Accommodating religious practices
This article focuses on federal law and the careful balancing act required of an employer when evaluating religious issues in the workplace.Of course, any applicable state laws must also be considered.How might an employer avoid a religious discrimination lawsuit or issue?Provide three points on proactive religious policy in the workplace in the country you have chosen to study for your case.In short, an employer violates the Civil Rights Act when its actions coerce an employee to abandon, alter, or adopt a particular religious practice as a condition of receiving a job benefit or avoiding adverse action.An employer does not, however, engage in coercion when it requires an employee to participate in a workplace activity that conflicts with the employee’s sincerely held religious belief, so long as the employer can demonstrate that it would constitute an undue hardship in order to accommodate an employee’s request to be excused.Similarly, an employer cannot discipline or discharge employees because of their religious beliefs, or otherwise discriminate on the basis of religion with regard to other terms, conditions, and privileges of employment (such as wages and benefits).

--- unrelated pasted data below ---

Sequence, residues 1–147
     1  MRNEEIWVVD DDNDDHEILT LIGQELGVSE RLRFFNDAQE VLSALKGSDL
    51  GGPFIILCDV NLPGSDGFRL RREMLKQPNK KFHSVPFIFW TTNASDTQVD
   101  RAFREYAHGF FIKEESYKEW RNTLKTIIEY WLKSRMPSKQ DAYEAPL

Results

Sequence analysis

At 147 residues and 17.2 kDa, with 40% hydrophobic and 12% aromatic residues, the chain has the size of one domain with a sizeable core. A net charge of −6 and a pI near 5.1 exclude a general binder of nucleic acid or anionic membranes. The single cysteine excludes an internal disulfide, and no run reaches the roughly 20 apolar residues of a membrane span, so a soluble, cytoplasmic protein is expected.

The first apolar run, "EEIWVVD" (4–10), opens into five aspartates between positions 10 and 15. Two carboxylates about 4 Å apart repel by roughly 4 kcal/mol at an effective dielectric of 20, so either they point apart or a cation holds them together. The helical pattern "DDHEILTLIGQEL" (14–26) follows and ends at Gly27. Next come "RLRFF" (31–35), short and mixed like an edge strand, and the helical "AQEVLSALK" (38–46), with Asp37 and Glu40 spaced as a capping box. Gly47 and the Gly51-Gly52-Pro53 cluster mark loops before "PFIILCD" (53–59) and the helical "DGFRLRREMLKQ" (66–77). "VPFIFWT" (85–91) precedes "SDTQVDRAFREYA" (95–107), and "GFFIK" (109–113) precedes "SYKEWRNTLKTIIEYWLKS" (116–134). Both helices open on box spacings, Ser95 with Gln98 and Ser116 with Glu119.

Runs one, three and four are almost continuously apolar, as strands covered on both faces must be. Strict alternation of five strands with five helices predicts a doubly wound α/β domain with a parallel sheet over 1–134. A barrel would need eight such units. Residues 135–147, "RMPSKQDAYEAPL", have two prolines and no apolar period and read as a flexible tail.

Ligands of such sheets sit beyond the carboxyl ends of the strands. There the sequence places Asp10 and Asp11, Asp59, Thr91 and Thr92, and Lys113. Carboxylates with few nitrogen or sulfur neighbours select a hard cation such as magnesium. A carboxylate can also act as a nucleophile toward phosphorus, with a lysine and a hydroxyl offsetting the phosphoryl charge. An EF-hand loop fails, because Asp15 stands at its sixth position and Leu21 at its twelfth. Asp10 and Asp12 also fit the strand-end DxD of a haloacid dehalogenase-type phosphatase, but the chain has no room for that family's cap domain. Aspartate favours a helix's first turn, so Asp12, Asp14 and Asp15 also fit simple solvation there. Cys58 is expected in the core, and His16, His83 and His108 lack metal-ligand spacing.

Solution Title: Accommodating Religious Practices in the Global Workplace Pages: 3 Style: APA Paper Preview The case chosen for this discussion is EEOC v. 13 C 01240-JES-BGC, which occurred in Illinois, United States.
For example, an employer cannot refuse to hire an applicant because he does not share the employer’s religious beliefs.
Likewise, an employer cannot choose an employee of a particular faith simply because the employer has a preference for those of a particular religion.
Prior to filing the lawsuit, the EEOC investigations claimed that Star Transport Company could have evaded delegating these workforces to the conveyance of the beer but opted to force them despite their religious beliefs.
The jury awarded a total of 0,000 to the employees as back pay and punitive and compensatory damages incurred.
Work-related meetings sometimes include a meal and begin with an invocation -- this usually involves a brief prayer of thanks.